Visa Crunch

Canada: Visa Application Backlog Is An Additional Challenge For International Students

Due to the enormous volume of foreign student applications, IRCC is having difficulty keeping up with a visa backlog, which has been an “additional hardship” for overseas students throughout the pandemic.

The agency had received 112,185 study permit applications and 26,479 study permit extension applications as of February 1, 2022. According to IRCC data, Canada’s total visa backlog is approximately 1.8 million immigration petitions, of which 848,598 are temporary residency applications. However, members of the international education sector have applauded IRCC for its collaborative approach with institutions.

Currently, IRCC communicates a 13-week processing period for study permit applicants from outside Canada. The IRCC website also indicates that it is experiencing delays in receiving applications, processing applications routinely, and is unable to provide accurate processing times due to the effects of the coronavirus outbreak.

The ongoing delays came after roughly 505,000 study permit applications were approved in 2021, compared to approximately 220,000 in 2020 and approximately 424,000 in 2019, the most recent year untouched by the global pandemic.

The agency also hopes that the $85 million budgeted in the 2021 Budget will help to reduce application inventories through greater staffing. In January, Canada’s Immigration, Refugees, and Citizenship Minister Sean Fraser stated that while processing delays “have been tremendously distressing for many individuals,” providing applicants with regular processing timelines and effective communication from IRCC “remains a key priority.”

Students enrolled in co-op programs that include both academic and practical work experience have also experienced delays upon arrival in Canada. Students at Simon Fraser University had been cautioned about IRCC co-op permit processing delays of 129 days (18.5 weeks) for their placements in British Columbia’s Lower Mainland.

Moreover, in order to reduce the time it takes to begin classes or co-op programs, SFU, George Brown College, and other institutions have taken advantage of IRCC’s temporary measures, which permit students to pursue studies online from different parts of the world until August 31, 2022, without impacting their post-graduation work permit eligibility.

Secondly, while waiting for a decision on their co-op work permit application, students in Canada are permitted to use their “on” or “off” campus work authorization. President and CEO of the Canadian Bureau for International Education, Larissa Bezo stressed that any IRCC backlog in processing study permits must be seen in the light of the complex, pandemic-related challenges affecting student permit applications.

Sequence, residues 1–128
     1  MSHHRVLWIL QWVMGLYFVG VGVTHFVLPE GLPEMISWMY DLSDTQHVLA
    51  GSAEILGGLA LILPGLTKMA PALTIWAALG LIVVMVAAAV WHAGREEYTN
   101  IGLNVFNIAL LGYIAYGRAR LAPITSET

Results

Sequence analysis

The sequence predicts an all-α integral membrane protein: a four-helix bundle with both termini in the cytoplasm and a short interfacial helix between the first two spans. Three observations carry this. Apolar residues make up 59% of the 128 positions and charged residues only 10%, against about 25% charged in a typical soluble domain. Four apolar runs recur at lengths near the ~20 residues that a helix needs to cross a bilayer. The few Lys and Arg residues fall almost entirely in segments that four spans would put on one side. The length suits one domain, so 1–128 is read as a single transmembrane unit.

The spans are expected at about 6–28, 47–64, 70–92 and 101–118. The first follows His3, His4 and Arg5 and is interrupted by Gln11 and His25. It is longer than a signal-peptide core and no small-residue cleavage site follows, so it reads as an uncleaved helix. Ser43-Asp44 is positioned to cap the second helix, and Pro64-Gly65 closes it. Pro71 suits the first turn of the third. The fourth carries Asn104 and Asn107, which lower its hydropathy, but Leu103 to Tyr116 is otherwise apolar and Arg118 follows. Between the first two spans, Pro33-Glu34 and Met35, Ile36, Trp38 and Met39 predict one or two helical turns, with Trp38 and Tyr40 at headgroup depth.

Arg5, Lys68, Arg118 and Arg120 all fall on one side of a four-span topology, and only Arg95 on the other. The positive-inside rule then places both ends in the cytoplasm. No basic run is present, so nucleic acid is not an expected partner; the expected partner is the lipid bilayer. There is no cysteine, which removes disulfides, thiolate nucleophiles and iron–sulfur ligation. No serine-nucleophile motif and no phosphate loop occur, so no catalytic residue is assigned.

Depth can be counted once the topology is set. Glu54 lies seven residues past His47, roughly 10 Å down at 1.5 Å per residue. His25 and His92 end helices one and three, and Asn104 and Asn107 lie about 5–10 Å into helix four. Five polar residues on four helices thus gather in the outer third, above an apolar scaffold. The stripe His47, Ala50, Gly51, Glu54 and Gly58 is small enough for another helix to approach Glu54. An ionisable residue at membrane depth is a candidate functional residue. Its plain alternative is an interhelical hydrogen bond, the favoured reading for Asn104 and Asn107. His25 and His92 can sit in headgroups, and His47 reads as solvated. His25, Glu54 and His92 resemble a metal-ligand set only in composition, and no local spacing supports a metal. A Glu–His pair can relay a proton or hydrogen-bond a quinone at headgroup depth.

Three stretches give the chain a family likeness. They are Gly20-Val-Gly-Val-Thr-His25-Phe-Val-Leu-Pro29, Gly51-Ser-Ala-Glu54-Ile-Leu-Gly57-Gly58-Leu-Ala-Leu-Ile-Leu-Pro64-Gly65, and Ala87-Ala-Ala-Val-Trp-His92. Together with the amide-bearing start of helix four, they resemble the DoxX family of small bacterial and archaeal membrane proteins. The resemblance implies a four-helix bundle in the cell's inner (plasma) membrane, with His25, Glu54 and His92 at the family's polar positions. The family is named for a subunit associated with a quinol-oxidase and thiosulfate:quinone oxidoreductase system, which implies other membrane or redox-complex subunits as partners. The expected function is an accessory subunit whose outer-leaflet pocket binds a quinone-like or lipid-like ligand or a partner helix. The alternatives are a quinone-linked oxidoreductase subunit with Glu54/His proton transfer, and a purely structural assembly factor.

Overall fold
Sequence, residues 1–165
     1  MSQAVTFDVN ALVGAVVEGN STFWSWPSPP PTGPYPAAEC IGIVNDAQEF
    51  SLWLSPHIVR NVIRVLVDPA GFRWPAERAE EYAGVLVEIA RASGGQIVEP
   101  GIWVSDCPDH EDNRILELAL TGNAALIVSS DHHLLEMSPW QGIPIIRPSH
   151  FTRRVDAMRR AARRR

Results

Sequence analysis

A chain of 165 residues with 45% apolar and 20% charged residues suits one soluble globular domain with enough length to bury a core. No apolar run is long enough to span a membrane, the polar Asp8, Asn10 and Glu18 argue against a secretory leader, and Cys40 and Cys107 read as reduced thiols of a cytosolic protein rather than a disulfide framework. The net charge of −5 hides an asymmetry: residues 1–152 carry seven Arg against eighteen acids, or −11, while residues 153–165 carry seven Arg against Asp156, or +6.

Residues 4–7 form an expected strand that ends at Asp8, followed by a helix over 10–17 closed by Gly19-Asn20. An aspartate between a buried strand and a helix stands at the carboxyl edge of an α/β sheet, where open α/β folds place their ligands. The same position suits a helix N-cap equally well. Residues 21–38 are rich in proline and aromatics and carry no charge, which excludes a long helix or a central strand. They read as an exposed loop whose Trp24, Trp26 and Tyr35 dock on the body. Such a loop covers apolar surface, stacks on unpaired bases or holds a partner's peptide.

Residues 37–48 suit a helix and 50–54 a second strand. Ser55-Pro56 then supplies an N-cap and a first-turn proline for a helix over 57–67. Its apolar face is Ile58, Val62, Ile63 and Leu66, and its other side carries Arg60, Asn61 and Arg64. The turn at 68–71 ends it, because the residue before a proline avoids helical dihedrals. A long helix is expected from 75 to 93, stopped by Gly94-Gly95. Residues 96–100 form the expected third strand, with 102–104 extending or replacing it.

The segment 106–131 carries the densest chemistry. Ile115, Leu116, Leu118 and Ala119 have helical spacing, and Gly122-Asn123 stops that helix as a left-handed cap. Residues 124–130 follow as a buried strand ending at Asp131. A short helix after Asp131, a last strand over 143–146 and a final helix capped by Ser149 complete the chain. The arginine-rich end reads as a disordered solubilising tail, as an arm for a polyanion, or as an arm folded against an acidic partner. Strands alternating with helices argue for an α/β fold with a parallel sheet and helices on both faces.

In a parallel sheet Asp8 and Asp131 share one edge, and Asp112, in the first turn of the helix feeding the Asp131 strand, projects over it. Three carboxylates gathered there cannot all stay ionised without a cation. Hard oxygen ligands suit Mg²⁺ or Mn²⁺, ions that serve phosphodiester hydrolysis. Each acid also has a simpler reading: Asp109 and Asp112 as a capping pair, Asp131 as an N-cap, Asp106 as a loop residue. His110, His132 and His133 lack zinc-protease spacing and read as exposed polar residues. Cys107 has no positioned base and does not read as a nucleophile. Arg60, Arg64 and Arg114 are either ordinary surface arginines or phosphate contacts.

Executive director of the British Columbia Council for Foreign Education, Randall Martin, advised institutions and students to be patient while IRCC reduces the application evaluation periods for international study visa applications.

Numerous visa processing offices for many countries and destinations appear to be closed or grossly understaffed as a result of local and regional Omicron surges and the rust of two years of the pandemic, and they are now also overburdened by demand and traffic.

Backlogs in study permit processing through the IRCC have been an extra issue for students attending the University of Victoria in British Columbia, according to the institution. Prior to Covid-19, 17 per cent of UVic’s student body was international, a figure that the university hopes to maintain after the pandemic.

It has established a variety of additional tools for its 3,500+ international students, including self-isolation programs and emergency funds, as well as new posts at the International Centre for Students to assist students encountering immigration issues.

“Throughout the pandemic, some students have also struggled to complete their study permit applications due to limited or unavailable in-person services such as visa application centres (biometrics collection centres) in their country of application,” a UVic spokesperson said.

The Canadian government recognizes that international student recruiting is an extremely competitive field. Attracting students not only benefits Canadian educational institutions but is also a foundation of the government’s own immigration strategy as the country seeks to fill the industry needs for a highly educated and talented workforce.

In addition to the 505,000 study visa applications, almost 143,000 candidates who had previously had a study permit moved to permanent residency in Canada between January and November 2021, according to official estimates.

Legal Disclaimer: This article is provided for information purposes only.

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